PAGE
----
Whistleblower Filed Cases Reach High of 783 in 2013

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A record high of 783 people filed whistleblower lawsuits last year accounting for 89 percent of Department of Justice fraud cases filed in 2013, Bloomberg Businessweek reports. Because of qui tam cases, the government will receive high payouts from contractor-fraud lawsuits.

Whistleblower activity has certainly jumped up since 1987, when the government decided to more actively fight fraud by boosting whistleblower payouts. That year, $86 million was collected as a result of 30 qui tam cases. At the end of fiscal 2014, the DOJ is expected to collect over $5 billion under the False Claims Act, according to Patrick Burns, co-director of the nonprofit Taxpayers Against Fraud Education Fund. This includes the $2.2 billion Johnson & Johnson paid in November to resolve allegations of off-label marketing with its antipsychotic medication Risperdal.

The government has collected $39 billion since 1987 stemming from whistleblower cases. Whistleblower payouts total $4.3 billion, including $388 million in 2013.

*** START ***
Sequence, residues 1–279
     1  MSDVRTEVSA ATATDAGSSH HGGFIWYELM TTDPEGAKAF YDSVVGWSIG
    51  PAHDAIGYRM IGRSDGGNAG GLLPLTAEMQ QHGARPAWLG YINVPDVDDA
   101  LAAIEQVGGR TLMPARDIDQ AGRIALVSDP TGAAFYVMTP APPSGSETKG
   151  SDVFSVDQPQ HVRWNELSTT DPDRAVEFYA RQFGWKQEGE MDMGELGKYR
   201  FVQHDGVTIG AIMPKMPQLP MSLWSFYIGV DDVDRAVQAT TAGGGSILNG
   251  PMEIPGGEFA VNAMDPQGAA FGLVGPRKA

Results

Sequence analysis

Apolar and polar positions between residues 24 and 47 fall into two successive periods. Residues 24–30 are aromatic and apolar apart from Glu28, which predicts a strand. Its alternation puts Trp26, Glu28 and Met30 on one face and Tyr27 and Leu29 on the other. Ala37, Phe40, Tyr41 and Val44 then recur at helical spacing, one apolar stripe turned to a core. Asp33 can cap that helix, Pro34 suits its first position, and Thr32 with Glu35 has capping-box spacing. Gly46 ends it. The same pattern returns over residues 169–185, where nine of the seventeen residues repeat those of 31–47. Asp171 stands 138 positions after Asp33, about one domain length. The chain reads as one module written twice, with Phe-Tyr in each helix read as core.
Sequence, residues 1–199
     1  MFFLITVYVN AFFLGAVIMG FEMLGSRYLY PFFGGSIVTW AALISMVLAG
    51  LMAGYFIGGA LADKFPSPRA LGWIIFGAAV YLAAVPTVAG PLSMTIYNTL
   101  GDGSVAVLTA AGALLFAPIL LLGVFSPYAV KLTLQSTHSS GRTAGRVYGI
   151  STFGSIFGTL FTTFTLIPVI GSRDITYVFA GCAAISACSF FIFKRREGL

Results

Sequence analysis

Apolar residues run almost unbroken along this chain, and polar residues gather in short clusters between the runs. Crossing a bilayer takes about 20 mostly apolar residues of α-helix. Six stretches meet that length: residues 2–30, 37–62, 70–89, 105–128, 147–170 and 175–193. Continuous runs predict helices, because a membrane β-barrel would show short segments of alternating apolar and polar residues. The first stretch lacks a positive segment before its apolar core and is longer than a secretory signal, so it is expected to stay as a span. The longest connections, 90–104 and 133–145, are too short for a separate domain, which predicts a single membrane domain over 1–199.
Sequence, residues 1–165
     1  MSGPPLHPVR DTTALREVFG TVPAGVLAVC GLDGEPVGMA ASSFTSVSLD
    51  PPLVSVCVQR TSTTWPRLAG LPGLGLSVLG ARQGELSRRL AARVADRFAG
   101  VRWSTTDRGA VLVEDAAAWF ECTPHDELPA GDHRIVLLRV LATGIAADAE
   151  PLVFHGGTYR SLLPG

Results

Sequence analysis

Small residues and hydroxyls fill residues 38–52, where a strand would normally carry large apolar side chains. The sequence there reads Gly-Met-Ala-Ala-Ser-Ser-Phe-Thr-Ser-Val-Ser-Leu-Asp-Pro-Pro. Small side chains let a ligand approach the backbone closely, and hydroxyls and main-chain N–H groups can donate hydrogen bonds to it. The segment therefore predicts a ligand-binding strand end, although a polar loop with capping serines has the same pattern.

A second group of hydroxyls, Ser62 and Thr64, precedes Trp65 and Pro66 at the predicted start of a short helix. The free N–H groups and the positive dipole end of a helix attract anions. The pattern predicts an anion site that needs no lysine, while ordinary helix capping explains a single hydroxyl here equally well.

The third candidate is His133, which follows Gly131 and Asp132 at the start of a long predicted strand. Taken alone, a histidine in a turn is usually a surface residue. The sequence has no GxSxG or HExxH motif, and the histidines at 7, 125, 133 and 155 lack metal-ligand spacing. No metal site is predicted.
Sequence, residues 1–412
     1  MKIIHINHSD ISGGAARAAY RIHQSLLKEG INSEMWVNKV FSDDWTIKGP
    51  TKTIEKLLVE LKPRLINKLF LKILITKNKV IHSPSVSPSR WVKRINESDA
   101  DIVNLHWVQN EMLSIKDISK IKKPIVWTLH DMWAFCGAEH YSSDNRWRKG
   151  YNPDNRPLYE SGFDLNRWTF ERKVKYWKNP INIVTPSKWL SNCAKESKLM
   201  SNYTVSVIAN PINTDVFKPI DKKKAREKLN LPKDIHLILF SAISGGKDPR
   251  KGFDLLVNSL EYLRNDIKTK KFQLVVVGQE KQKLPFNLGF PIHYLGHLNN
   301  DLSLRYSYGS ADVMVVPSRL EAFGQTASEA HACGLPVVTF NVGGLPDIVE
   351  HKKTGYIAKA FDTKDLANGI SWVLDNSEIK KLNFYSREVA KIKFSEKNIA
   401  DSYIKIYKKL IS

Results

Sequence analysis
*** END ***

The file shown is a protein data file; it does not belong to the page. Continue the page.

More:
In April, a nurse in Alabama received $15 million for her case against national home healthcare company Amedisys Inc., which allegedly submitted false home healthcare billings to Medicare for home health services. She alleged that electronic forms used during patient visits were set up to make patients look more ill than they truly were. Amedisys, which admits no wrongdoing, paid $150 million to resolve these allegations.

Qui tam lawsuits make up most of the DOJ’s health-care fraud cases. According to Bloomberg,the term comes latin for “he who dues in this matter for the kind, as well as himself.” In successful qui tam cases, whistleblowers are entitled to a portion of the money recovered. On average, whistleblowers received 16 percent in health-care fraud cases.